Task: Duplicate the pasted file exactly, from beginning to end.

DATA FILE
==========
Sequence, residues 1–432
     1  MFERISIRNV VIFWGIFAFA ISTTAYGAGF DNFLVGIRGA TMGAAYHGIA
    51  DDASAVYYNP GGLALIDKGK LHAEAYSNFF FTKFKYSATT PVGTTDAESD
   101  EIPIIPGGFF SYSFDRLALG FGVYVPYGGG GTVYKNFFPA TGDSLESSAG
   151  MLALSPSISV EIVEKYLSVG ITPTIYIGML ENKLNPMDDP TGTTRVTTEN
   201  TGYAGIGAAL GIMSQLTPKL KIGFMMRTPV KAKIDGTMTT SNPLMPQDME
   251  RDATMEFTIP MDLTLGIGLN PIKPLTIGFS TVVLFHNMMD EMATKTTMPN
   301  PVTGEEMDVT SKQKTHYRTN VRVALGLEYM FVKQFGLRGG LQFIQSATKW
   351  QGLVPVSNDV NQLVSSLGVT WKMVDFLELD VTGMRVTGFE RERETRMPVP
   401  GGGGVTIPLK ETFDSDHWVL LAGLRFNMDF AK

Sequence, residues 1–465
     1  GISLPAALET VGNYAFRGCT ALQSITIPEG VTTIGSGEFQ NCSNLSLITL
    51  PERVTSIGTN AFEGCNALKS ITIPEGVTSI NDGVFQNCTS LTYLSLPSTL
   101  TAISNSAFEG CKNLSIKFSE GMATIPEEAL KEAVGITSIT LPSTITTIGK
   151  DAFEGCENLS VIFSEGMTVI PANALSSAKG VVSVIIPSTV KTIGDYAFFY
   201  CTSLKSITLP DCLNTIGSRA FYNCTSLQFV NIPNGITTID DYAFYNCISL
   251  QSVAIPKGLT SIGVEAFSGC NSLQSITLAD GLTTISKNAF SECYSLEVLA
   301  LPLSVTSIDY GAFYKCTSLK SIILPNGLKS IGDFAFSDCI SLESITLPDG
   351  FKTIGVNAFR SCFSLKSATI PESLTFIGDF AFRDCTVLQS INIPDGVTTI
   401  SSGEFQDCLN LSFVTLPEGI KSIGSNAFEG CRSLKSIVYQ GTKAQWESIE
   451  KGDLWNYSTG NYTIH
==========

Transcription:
Sequence, residues 1–432
     1  MFERISIRNV VIFWGIFAFA ISTTAYGAGF DNFLVGIRGA TMGAAYHGIA
    51  DDASAVYYNP GGLALIDKGK LHAEAYSNFF FTKFKYSATT PVGTTDAESD
   101  EIPIIPGGFF SYSFDRLALG FGVYVPYGGG GTVYKNFFPA TGDSLESSAG
   151  MLALSPSISV EIVEKYLSVG ITPTIYIGML ENKLNPMDDP TGTTRVTTEN
   201  TGYAGIGAAL GIMSQLTPKL KIGFMMRTPV KAKIDGTMTT SNPLMPQDME
   251  RDATMEFTIP MDLTLGIGLN PIKPLTIGFS TVVLFHNMMD EMATKTTMPN
   301  PVTGEEMDVT SKQKTHYRTN VRVALGLEYM FVKQFGLRGG LQFIQSATKW
   351  QGLVPVSNDV NQLVSSLGVT WKMVDFLELD VTGMRVTGFE RERETRMPVP
   401  GGGGVTIPLK ETFDSDHWVL LAGLRFNMDF AK

Sequence, residues 1–465
     1  GISLPAALET VGNYAFRGCT ALQSITIPEG VTTIGSGEFQ NCSNLSLITL
    51  PERVTSIGTN AFEGCNALKS ITIPEGVTSI NDGVFQNCTS LTYLSLPSTL
   101  TAISNSAFEG CKNLSIKFSE GMATIPEEAL KEAVGITSIT LPSTITTIGK
   151  DAFEGCENLS VIFSEGMTVI PANALSSAKG VVSVIIPSTV KTIGDYAFFY
   201  CTSLKSITLP DCLNTIGSRA FYNCTSLQFV NIPNGITTID DYAFYNCISL
   251  QSVAIPKGLT SIGVEAFSGC NSLQSITLAD GLTTISKNAF SECYSLEVLA
   301  LPLSVTSIDY GAFYKCTSLK SIILPNGLKS IGDFAFSDCI SLESITLPDG
   351  FKTIGVNAFR SCFSLKSATI PESLTFIGDF AFRDCTVLQS INIPDGVTTI
   401  SSGEFQDCLN LSFVTLPEGI KSIGSNAFEG CRSLKSIVYQ GTKAQWESIE
   451  KGDLWNYSTG NYTIH